Satellites for SWLs - using a loft-mounted vertical folded dipole for the 144-146MHz band and a 2m FM/USB/CW RX is sufficient for me to discern satellites.
Check out g4pvb.eu.pn/2m.htm for homebrew 2m aerial & below interface & free software to predict satellite passes.
I use a 1:1 600 Ohm audio isolating transformer -20dB interface from Line Out or Headphone socket of receiver then a resistor pad as required e.g. two resistors 47k Ohm each in series and parallel after the transformer then 2·2uF DC Blocking Capacitor for connection to Lap Top or PC. Source: eBay about £10. Thank you to Norman G8ATO of Verulam ARC for technical advice.
I use SatExe from Gabriel RIVAT F6DQM www.f6dqm.fr It requires a Keplerian data file to predict the satellite passes. My machine will not accept .all files so I visit: http://amsat.org/amsat/ftp/keps/current/nasa.all then I right click on the web page then save it as nasa.txt file then copy it into the SatExe folder. Alternativley visit: http://www.celestrak.com/NORAD/elements/amateur.txt then right click over the web page and save the amateur.txt file then copy it into the required folder. Once a week is usually sufficient except ISS which may drift frequently. Alternatively Google: 'Heavens Above' and print off daily predictions. * = sats heard.
Download freeware WYSIWYH - What You See Is What You Hear (a WAV audio file recorder) to save those precious few moments of satellite passing, for analysis at leisure, also from the web site of Gabriel RIVAT F6DQM above. Donations appreciated for his work.
The Doppler effect may cause satellite USB/FM Downlink frequencies below to ± 2·5kHz.
*AO-07 Downlink: 145·925 MHz - 145·975 MHz - batteries failed so sunlight only
*AO-73 Downlink: 145·950 MHz - 145·970 MHz BPSK 145·935 MHz - FUNcube-1
*AO-85 Downlink: 145·980 MHz - Fox-1A
EO-79 Downlink: 145·935 MHz - 145·965 MHz USB FUNcube-3 sunlight only
*ISS Downlink: 145·800 MHz - VHF Packet: 145·825 MHz & UHF Packet: 437·550 MHz
*XW-2F Downlink: 145·980 MHz - 146·000 MHz - CAS-3F
*LilacSat-2 Downlink: 437·222 MHz Machine Code - CAS-3H
UO-11 Downlink: 145·825 MHz - Beacon only rarely heard.
Those with UHF 70cm may consider ¼ wave ground plane antenna hoisted to the apex of the roof in the loft. Illustration sourced from the Internet and my dimensions added.
*FO-29 Downlink: 435·900 MHz USB 435.840MHz CW
*SO-50 Downlink: 436·795 MHz - FM ± 10 kHz Doppler SaudiSat 1-C
Kenwood TS-2000 has a 'birdie' on SO-50 frequency. YMMV. Calibrate your PC clock. Unlike most states in Europe, Iceland Summer (Daylight-Saving) time is not observed. Therefore set hobby radio PC clock to 'Reykjavik' GMT/UTC/Zulu time to ensure year round conformity of e.g. your logging program. Also applies to Monrovia in Liberia. AMSAT sats status DK3WN sats status If you are in the UK, you can listen to radio signals from the ISS when it's in range via the Southampton University Wireless Society WebSDR. http://websdr.suws.org.uk If you're to the East of the UK, you can listen to the ISS when it's over Russia on the R4UAB WebSDR http://websdr.r4uab.ru Source: Radio User magazine October 2016. In loving memory of Harry G3FHU & Des G3PTV. Updated: 28th August 2016 73 Bob G4PVB MA3053SWL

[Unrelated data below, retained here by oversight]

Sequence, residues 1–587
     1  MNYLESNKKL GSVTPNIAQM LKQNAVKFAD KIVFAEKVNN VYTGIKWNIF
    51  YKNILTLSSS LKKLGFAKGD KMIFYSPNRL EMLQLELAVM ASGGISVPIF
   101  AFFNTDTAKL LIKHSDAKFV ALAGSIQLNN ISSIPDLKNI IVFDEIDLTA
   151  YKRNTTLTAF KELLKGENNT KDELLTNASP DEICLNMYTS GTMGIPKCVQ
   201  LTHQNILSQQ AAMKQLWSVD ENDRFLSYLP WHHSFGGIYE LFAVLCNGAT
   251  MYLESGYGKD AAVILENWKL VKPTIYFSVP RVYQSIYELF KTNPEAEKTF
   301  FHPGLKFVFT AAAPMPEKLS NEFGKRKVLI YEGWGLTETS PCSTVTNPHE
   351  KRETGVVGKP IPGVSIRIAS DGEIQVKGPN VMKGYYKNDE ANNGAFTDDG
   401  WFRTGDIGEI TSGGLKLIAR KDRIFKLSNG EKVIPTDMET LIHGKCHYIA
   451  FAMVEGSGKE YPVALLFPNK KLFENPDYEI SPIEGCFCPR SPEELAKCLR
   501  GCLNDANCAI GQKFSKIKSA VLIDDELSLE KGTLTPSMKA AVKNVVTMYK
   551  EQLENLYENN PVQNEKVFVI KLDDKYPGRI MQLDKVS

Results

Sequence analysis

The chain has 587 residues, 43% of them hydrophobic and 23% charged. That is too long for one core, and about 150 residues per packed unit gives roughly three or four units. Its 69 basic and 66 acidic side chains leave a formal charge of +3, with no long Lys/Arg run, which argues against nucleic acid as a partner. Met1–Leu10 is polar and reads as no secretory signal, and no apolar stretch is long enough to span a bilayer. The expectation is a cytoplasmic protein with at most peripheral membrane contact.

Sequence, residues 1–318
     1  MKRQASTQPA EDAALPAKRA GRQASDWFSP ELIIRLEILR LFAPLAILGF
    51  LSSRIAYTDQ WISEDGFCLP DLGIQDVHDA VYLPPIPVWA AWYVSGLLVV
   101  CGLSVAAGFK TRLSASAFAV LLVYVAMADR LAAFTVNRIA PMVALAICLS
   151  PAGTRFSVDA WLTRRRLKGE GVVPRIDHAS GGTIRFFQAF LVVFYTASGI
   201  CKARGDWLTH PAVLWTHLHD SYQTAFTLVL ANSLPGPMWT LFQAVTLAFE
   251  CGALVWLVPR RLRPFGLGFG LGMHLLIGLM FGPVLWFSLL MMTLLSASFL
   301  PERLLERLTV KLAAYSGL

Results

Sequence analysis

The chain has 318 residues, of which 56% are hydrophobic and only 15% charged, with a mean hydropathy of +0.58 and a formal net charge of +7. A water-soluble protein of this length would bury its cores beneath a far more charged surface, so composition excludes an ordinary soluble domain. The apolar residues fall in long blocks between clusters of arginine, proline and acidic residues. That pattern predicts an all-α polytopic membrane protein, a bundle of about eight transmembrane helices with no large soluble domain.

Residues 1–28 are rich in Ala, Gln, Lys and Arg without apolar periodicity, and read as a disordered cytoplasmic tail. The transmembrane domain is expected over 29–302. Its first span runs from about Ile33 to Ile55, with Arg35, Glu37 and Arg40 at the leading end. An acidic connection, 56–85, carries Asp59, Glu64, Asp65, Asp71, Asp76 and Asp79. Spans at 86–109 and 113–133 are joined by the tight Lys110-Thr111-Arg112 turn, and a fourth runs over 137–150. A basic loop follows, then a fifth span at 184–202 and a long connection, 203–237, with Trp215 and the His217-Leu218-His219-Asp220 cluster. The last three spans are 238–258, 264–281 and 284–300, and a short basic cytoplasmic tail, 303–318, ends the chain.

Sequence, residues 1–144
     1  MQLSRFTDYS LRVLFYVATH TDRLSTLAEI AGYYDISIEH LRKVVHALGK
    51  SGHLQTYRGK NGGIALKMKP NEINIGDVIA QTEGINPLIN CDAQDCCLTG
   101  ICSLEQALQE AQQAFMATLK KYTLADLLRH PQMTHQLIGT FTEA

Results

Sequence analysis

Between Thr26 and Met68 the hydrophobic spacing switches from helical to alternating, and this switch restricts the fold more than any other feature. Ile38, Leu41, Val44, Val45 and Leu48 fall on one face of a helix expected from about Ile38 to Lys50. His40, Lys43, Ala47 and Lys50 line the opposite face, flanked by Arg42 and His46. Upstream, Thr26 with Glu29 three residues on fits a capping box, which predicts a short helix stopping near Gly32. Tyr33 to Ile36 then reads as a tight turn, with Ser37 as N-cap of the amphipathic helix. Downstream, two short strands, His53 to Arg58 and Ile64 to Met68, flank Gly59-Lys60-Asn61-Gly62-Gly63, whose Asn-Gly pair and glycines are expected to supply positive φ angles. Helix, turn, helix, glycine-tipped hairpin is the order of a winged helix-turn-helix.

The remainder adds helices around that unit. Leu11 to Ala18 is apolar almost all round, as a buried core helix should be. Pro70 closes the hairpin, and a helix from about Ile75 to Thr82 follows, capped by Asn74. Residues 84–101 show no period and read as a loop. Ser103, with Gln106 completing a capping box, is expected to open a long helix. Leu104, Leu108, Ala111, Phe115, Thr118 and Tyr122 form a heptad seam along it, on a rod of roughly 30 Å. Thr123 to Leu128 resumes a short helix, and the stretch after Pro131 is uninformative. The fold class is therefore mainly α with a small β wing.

p.s. The EO-79/FUNcube-3 satellite has transitioned to amateur radio service, now that its primary mission has been completed. AMSAT-UK and AMSAT-NL have announced that the FUNcube U/V transponder has been activated with a regular schedule. Due to power budget constraints, the transponder cannot operate 24/7, so an orbit-specific schedule has been developed. The transponder will commence operation 27 minutes after the spacecraft enters sunlight and remain active for 25 minutes. This schedule may be modified in the weeks ahead, as experience dictates. The transponder uplink is 435·047 to 435·077MHz LSB; the downlink is 145·935 to 145·965MHz USB. The output power of the amateur radio payload is about 400mW. Source: RSGB 19 November 2016.
p.p.s. Practical Wireless January 2017 reports that ISS VHF equipment broken down so now temporarily using Russian radio for packet allowing for Doppler Shift on:
Channel RX(MHz) TX(MHz)
1 *437·560 437·540
2 437·555 437·545
3 437·550 437·550
4 437·545 437·555
5 437·540 437·560
Tim Kirby G4VXE of Practical Wireless magazine: "Dear Bob, Glad you heard the ISS ok. Have you tried listening for the ISS 143·625MHz downlink? Not amateur traffic but the crew talking to Star City in Moscow. You might find it interesting. Vy 73, Tim"
Often when setting up a VHF scanner RX and/or aerial you really do want a reliable continuous 24/7 broadcast to help monitor your progress. I use the continuous aeronautical weather TXs: London Volmet (Main) 135·375MHz, London Volmet (South) 128·600MHz, London Volmet (North) 126·600MHz, Scottish Volmet 125·725MHz. Source: http://www.metoffice.gov.uk/media/pdf/9/k/GetMet_2015_FINAL.pdf where the information codes are explained in detail.
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